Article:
Studying in Australia or New Zealand? Here are some great ways to make new friends
There’s something just a little bit different about studying abroad in Australia or New Zealand. They’re both exhilarating, eye-opening countries for a summer, a semester, or a full year abroad, but if you’re going be away from home for a while, you should make an effort to meet people and make new friends.
Sure, you can do all the regular things: join clubs and societies, join sports teams, volunteer, or head to the international office for organized cultural experiences. Or you can try activities locals do. Here are some more interesting, slightly different experiences you could try while you study abroad in Australia or New Zealand.
Geocaching is a treasure hunt game that uses GPS coordinates to find hidden caches or containers. It’s a great way to explore the local area and find hidden gems. Having something to focus on takes the pressure off making conversation, so it’s easier to build friendships. Near the University of Queensland, there are 100+ active caches to hunt out.
Glow Worm Tours
Many places in New Zealand run glow worm tours where you can see thousands of glowing worms in underground caves. Waitomo Caves on the North Island are an incredible day trip from the University of Auckland – and you could visit Lord of the Rings’ Hobbiton on your way.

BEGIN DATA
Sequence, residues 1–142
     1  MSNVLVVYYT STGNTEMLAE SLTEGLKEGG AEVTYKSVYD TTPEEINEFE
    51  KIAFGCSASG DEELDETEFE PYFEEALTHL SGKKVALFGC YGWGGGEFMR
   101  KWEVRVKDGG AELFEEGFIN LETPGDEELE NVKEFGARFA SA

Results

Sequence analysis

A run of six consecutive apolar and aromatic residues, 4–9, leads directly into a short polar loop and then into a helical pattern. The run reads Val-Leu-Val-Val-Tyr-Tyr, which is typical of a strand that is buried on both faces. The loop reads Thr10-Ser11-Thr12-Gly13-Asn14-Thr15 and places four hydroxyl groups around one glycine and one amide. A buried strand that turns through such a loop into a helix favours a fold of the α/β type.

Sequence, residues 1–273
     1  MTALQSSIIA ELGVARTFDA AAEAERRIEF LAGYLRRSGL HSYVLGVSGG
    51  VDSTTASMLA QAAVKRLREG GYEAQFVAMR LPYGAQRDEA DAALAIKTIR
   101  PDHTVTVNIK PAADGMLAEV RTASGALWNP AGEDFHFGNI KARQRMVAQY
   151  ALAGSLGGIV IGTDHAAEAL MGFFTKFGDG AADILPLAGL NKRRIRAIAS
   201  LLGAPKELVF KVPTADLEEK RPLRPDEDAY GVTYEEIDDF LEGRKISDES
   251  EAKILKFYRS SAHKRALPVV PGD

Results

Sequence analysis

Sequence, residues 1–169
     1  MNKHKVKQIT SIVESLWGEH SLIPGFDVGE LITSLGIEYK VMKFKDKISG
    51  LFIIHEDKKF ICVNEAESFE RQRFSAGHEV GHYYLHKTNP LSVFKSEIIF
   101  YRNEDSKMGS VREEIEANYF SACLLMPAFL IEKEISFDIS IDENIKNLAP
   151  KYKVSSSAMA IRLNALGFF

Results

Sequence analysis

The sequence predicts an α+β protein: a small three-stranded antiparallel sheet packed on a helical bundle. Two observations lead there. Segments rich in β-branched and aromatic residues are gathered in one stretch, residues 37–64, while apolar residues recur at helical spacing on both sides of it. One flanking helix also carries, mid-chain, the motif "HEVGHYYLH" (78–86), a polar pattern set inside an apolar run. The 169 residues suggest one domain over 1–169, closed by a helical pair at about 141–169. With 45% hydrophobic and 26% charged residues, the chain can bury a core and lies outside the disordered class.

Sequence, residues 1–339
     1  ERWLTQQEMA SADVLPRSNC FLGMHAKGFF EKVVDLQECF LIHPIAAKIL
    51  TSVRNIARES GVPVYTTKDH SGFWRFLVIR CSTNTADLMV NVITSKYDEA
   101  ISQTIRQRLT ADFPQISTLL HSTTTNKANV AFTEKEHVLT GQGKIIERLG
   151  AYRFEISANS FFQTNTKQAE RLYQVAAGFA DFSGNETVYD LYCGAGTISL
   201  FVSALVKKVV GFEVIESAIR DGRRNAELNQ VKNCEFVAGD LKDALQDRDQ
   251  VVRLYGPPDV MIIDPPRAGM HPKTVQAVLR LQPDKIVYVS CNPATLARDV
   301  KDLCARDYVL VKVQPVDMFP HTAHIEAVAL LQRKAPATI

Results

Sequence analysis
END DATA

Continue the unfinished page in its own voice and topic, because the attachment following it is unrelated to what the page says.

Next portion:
In the city of Christchurch, New Zealand, students can go punting on the Avon River, where you can glide along the river while a guide tells you about the history of the area. It is a relaxed way to share an experience with new acquaintances and slowly walk the path of becoming friends.
A short hop from University of Otago on the South Island is the Otago Peninsula, which draws visits from all over the work to see its incredible wildlife: albatross, penguins, seals, sea lions. To share an experience like this with likeminded classmates will set you a good road to friendship.
Escape rooms are a fun and challenging activity where you have to solve puzzles and riddles to escape from a room within a set amount of time. And they’re a great way to blow off steam after your lectures at RMIT. With so many in Melbourne, you could easily get a group of you together to test your wits once a week for a full semester.